First Presbyterian Church only allows its facilities to be used for weddings that involve members of the congregation. Additionally, regarding marriage, the Constitution of the Presbyterian Church (U.S.A.), Part I: The Book of Confessions, declares the following through the Westminster Confession of Faith:
- Marriage is a union between one man and one woman, designed of God to last so long as they both shall live.
- Marriage is designed for the mutual help of husband and wife; for the safeguarding, undergirding, and development of their moral and spiritual character; for the propagation of children and the rearing of them in the discipline and instruction of the Lord.
- All persons who are able with judgment to give their consent may marry, except within the limits of blood relationship for- bidden by Scripture, and such marriages are valid before God in the eyes of the church. But no marriage can be fully and securely Christian in spirit or in purpose unless both partners are committed to a common Christian faith and to a deeply shared intention of building a Christian home. Evangelical Christians should seek as partners in marriage only persons who hold in common a sound basis of evangelical faith.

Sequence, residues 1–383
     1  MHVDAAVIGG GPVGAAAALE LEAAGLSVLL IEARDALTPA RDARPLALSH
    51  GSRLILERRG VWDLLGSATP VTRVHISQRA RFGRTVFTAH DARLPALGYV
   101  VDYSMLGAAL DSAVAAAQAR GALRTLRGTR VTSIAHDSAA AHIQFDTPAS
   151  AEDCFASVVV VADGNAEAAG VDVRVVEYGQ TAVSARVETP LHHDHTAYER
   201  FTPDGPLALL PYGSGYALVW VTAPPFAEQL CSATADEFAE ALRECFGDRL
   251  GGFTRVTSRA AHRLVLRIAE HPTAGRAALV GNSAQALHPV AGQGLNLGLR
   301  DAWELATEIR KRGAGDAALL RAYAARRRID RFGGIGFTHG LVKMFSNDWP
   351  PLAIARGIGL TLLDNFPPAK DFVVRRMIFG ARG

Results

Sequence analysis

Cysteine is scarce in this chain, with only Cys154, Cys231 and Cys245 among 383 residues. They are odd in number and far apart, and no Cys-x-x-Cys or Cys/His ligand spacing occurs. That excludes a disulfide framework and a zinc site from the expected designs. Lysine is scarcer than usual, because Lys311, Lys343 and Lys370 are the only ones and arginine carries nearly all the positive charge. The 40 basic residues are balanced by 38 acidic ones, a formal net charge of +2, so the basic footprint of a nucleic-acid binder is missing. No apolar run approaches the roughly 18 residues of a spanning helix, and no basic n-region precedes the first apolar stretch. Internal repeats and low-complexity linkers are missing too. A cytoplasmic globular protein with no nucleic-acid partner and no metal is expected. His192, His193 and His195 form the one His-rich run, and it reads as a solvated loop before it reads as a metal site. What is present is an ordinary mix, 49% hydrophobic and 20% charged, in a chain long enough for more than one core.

- Marriage for the Christian has religious as well as civil significance. The distinctive contribution of the church in performing the marriage ceremony is to affirm the divine institution of marriage; to invoke God’s blessing upon those who enter into the marital relationship in accordance with his word; to hear the vows of those who desire to be married; and to assure the married partners of God’s grace within their new relationship.
- It is the divine intention that persons entering the marriage covenant become inseparably united, thus allowing for no dissolution save that caused by the death of either husband or wife. However, the weaknesses of one or both partners may lead to gross and persistent denial of the marriage vows so that marriage dies at the heart and the union becomes intolerable; yet only in cases of extreme, unrepented-of, and irremediable unfaithfulness (physical or spiritual) should separation or divorce be considered. Such separation or divorce is accepted as permissible only because of the failure of one or both of the partners, and does not lessen in any way the divine intention for indissoluble union.
- The remarriage of divorced persons may be sanctioned by the church, in keeping with the redemptive gospel of Christ, when sufficient penitence for sin and failure is evident, and a firm purpose of and endeavor after Christian marriage is manifested.
- Divorced persons should give prayerful thought to discover if God’s vocation for them is to remain unmarried, since one failure in this realm raises serious question as to the rightness and wisdom of undertaking